Effect of medicinal mushrooms on blood cells under conditions of diabetes mellitus(2017)


World J Diabetes. 2017 May 15; 8(5): 187–201.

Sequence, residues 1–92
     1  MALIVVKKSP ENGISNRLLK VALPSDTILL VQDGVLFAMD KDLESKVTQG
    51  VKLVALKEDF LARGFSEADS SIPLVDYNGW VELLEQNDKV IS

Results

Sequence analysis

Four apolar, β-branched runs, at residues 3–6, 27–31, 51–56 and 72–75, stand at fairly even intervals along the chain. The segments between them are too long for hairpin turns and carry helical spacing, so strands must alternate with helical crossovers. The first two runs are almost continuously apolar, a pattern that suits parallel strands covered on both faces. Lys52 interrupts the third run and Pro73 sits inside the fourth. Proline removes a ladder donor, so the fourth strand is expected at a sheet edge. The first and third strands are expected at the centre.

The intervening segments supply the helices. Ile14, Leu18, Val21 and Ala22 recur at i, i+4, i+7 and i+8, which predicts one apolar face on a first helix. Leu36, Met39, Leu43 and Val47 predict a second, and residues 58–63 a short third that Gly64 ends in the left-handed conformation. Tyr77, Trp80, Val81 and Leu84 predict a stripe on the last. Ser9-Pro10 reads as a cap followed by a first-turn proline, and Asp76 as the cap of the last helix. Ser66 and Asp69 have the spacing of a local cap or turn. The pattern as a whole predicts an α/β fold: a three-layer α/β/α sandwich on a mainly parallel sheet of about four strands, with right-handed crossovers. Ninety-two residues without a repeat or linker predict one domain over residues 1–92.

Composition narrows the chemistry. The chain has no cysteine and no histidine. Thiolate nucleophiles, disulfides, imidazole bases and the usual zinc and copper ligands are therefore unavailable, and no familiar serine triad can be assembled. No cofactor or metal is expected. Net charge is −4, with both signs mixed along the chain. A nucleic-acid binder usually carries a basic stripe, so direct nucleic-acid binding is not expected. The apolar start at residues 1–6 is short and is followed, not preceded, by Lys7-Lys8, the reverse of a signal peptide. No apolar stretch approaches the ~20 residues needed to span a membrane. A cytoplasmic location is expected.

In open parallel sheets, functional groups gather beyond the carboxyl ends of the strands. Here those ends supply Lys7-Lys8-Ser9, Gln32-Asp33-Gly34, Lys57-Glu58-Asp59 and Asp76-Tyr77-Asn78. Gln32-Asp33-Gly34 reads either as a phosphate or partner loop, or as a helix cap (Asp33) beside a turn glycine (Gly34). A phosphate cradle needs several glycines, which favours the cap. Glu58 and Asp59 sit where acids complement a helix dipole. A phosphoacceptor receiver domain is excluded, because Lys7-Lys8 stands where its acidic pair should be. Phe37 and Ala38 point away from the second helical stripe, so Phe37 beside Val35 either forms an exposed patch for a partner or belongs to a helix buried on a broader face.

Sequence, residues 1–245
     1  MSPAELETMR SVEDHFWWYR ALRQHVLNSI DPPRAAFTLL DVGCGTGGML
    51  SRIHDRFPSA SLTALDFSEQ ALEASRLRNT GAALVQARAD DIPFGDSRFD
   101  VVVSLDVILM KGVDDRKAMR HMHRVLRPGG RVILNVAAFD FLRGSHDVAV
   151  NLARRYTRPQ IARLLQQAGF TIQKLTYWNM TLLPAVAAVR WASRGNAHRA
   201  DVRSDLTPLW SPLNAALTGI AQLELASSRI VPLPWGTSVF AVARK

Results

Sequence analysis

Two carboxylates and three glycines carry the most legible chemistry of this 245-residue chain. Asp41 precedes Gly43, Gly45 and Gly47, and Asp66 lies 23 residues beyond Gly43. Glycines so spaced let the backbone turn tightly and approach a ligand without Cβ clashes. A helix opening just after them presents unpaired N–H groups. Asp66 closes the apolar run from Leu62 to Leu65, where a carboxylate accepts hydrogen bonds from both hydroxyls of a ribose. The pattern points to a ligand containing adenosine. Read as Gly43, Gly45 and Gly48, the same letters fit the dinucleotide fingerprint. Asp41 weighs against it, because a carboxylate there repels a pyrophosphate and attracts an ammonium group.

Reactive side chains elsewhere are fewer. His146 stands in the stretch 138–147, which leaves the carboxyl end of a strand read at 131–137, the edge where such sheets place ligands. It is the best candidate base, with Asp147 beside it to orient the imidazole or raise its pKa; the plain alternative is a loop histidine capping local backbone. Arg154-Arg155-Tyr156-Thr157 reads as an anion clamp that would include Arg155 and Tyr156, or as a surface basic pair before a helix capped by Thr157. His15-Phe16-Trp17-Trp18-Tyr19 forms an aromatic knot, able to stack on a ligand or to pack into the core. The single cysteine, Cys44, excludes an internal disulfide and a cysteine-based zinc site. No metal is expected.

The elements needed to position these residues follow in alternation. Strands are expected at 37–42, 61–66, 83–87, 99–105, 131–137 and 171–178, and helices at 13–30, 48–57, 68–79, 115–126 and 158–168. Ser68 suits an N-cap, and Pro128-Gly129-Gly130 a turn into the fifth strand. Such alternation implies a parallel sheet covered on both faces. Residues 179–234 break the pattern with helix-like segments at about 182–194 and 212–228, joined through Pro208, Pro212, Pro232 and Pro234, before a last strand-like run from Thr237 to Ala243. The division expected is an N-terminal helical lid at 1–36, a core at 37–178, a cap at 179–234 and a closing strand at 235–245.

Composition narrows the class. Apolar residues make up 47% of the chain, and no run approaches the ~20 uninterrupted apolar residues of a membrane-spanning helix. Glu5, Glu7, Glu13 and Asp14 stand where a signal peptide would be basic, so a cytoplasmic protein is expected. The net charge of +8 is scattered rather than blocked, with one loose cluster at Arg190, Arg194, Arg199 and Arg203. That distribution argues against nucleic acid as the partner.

Diabetes mellitus (DM) is the third most common non-infectious disease leading to early disability and high mortality. Moreover, the number of patients is growing every year. The main symptom of DM is hyperglycemia. Increased levels of blood glucose activate polyol, hexosamine, and protein kinase metabolic pathways cause the intensification of non-enzymatic glycosylation and nitration of macromolecules. This, in turn, leads to the development of oxidative and nitrative stresses and secondary complications, such as different kinds of micro- and macroangiopathies. Metabolic disorders caused by insulin deficiency in diabetes significantly impede the functioning of a homeostasis system, which change the physical, biochemical, morphological, and functional properties of blood cells. As a result, the oxygen-transport function of red blood cells (RBCs), rheological properties of the blood, and functions of immunocompetent cells as well as the process of apoptosis are primarily affected. Modern pharmacotherapy focuses on the search for new preparations that aim to decrease blood glucose levels. Undesirable side effects and adverse reactions caused by synthetic medicines led to the search and investigation of new preparations of natural origin. Medicinal mushrooms play an important role among such new preparations. They are a source of a large number of high- and low-molecular compounds with pronounced biological effects. Our investigations show pronounced hypoglycemic and anti-anemic action of submerged cultivated mycelium powder of medicinal mushrooms Agaricus brasiliensis (A. brasiliensis) and Ganoderma lucidum (G. lucidum) on streptozotocin-induced DM in rats. Also, we showed that mycelium powders have membrane protective properties as evidenced by the redistribution of RBC populations towards the growth of full functional cell numbers. Normalization of parameters of leukocyte formula and suppression of apoptosis of white blood cells in diabetic rats treated with A. brasiliensis and G. lucidum mycelia indicates pronounced positive effects of these strains of mushrooms. Thus, the use of medicinal mushrooms for treatment of DM and in prevention development of its secondary complications might be a new effective approach of this disease’s cure. This article is aimed at summarizing and analyzing the literature data and basic achievements concerning DM type 1 treatment using medicinal mushrooms and showing the results obtained in our research.


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